Student Stories

Gretchen Marquette

Finding Community: Gretchen Marquette MFA '12

Gretchen Marquette MFA '12 knew she wanted to be a writer. As an undergraduate at St. Cloud State University, she planned to pursue a Master of Fine Arts in Creative Writing (MFA) after graduating. She didn’t plan on getting her MFA from Hamline, however, until she heard Hamline MFA professor Sheila O’Connor read.

“She had a lot of good things to say about Hamline,” Marquette said. “I wanted a graduate program that would let me keep writing both fiction and poetry.”

Marquette started in Hamline’s MFA program the following fall. At Hamline, she found that her instructors not only expanded her knowledge of writing and poetry, but they also connected her to the Twin Cities, “the best place in the world to be a writer,” she said. At Hamline, she learned not only how to write, but how to become a working writer.

“My professors helped me understand that I don’t live in a bubble,” she said. “The way they encouraged us to engage with our outside community by attending readings and submitting to local publications—they are doing that, too.” 

After taking a variety of writing classes, Marquette chose to focus on writing poetry. “I made a commitment to myself, to devote myself to poetry,” she said. “I know that I changed a lot as a person and as a poet between my first day at Hamline and my last.”

Focusing on poetry led her to take on the assistant poetry editor position on the editorial board of Hamline’s literary journal, Water~Stone Review. In this position, Marquette not only honed her poetry skills, but she also learned how the publishing process works. “The experience helped me learn how to write query letters and cover letters,” she said. “I refined my editing skills. I saw first-hand what publishers are looking for and applied that to my own writing.”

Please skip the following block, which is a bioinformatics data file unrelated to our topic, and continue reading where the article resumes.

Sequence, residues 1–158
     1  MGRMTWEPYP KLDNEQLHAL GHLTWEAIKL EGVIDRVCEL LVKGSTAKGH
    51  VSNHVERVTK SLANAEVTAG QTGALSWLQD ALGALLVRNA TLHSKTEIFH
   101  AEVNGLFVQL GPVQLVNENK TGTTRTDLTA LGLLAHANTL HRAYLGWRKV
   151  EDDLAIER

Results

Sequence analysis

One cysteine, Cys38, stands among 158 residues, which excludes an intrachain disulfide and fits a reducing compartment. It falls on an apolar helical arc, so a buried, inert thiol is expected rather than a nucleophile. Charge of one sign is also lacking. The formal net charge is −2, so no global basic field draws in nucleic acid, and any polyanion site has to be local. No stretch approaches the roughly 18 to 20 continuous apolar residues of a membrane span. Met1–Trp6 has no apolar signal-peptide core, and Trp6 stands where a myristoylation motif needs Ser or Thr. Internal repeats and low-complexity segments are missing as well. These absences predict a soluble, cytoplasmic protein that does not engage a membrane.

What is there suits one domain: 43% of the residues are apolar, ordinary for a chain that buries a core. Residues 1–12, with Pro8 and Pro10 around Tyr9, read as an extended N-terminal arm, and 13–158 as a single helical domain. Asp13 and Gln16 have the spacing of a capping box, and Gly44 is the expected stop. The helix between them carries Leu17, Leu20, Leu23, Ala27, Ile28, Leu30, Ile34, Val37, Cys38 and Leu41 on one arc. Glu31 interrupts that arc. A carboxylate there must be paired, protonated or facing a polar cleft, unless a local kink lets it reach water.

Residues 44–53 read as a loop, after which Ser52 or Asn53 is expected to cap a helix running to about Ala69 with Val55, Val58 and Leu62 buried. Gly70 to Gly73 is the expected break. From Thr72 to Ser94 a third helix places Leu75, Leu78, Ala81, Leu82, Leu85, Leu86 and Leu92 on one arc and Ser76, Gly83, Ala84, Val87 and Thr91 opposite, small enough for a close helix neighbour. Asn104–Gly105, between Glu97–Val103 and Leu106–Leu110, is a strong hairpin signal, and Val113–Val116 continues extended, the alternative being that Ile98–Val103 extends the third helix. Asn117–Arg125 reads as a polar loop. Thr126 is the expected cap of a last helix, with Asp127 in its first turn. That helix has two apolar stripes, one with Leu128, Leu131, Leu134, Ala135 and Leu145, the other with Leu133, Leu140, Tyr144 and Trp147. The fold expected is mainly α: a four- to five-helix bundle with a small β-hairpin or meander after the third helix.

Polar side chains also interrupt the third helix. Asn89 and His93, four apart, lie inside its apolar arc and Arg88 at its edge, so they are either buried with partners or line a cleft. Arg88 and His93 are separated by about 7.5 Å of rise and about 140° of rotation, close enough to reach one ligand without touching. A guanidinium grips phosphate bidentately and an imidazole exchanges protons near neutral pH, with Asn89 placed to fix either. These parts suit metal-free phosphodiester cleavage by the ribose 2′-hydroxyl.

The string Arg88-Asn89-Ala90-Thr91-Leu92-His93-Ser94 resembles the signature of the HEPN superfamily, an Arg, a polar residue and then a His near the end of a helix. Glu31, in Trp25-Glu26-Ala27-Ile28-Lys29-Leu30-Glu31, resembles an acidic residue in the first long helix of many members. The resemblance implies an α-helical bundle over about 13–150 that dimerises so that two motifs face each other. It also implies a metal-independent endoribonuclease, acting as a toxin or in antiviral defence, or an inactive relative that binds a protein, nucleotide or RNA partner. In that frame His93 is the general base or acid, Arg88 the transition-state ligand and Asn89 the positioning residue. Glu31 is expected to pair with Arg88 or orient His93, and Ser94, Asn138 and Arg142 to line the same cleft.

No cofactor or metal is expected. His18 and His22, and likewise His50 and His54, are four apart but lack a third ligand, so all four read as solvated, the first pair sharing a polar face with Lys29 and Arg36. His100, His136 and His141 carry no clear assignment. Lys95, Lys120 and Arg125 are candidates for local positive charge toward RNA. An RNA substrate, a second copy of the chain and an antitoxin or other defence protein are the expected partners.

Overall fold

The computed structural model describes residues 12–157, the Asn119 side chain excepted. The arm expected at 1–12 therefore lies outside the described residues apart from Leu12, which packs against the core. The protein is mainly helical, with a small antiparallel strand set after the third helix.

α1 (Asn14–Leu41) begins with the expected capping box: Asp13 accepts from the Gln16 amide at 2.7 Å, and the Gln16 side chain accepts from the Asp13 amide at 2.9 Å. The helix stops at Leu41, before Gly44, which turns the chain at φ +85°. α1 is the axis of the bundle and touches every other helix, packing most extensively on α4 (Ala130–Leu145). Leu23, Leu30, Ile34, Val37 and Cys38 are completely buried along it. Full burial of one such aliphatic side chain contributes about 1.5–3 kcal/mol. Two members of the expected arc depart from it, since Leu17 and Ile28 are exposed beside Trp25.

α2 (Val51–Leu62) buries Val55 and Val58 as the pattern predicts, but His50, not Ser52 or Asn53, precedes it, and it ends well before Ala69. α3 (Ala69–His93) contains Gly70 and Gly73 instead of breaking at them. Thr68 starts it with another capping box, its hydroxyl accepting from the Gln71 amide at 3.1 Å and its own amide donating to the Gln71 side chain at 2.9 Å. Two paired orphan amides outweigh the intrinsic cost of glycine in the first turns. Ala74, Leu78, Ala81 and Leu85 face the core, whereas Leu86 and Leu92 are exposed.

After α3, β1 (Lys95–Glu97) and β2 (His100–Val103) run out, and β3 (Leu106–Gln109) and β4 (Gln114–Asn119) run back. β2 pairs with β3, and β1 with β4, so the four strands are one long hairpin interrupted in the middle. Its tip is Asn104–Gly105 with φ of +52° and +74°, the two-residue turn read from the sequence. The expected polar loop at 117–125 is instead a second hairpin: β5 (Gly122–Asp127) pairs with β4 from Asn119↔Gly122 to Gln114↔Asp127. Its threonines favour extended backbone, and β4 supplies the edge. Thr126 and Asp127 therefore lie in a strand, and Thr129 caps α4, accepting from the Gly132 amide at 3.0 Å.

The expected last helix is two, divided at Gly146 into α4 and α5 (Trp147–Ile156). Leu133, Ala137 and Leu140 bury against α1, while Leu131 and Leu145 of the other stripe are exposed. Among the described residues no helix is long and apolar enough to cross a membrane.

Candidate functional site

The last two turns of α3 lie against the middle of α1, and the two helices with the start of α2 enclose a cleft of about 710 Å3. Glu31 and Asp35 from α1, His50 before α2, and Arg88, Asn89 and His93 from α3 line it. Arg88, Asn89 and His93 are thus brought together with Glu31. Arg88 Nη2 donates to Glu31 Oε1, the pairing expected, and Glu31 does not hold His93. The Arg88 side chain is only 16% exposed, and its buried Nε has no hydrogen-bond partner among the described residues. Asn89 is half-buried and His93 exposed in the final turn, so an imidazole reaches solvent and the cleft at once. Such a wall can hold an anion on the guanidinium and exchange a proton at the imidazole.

Because she chose to be a full-time MFA student and took out student loans, Marquette was able to fully devote herself to her writing. She also immersed herself in the writing of other poets. “I was able to focus solely on my course work and to read hundreds of books,” Marquette said. “I was also able to establish myself as a poet in the Twin Cities.”

Her dedication and decision to take on student loan debt paid off. One year after graduating from the MFA program, Marquette received a contract from Minneapolis-based Graywolf Press to publish a book of poetry. 

Marquette says her previously published poems had everything to do with her book deal. “It is so important to be publishing single poems while building a manuscript,” she said. “I was very, very lucky—not only in getting Graywolf’s attention, but in publishing several of my poems in the first place.”

Marquette’s first book of poetry, titled May Day, will be published in 2016 by Graywolf Press. The book “documents a struggle to accept the impossibility of protecting oneself and loved ones from harm as well as the acceptance of grief, which allows passage back into the world she loves,” she said.

Currently teaching as an adjunct writing professor at Normandale Community College and at Hamline, Marquette is working on her second book and continues to write and submit poems for publication. She is proud of her accomplishments, but knows she wouldn’t be where she is today without her unique Hamline experience.

“My advice to any beginning writer is the same advice I received when I started out: read as much as you can,” she said. 

Find out more about Hamline’s MFA program on the Creative Writing Programs website or contact Hamline's Graduate Admission Office to learn more about joining the Hamline community.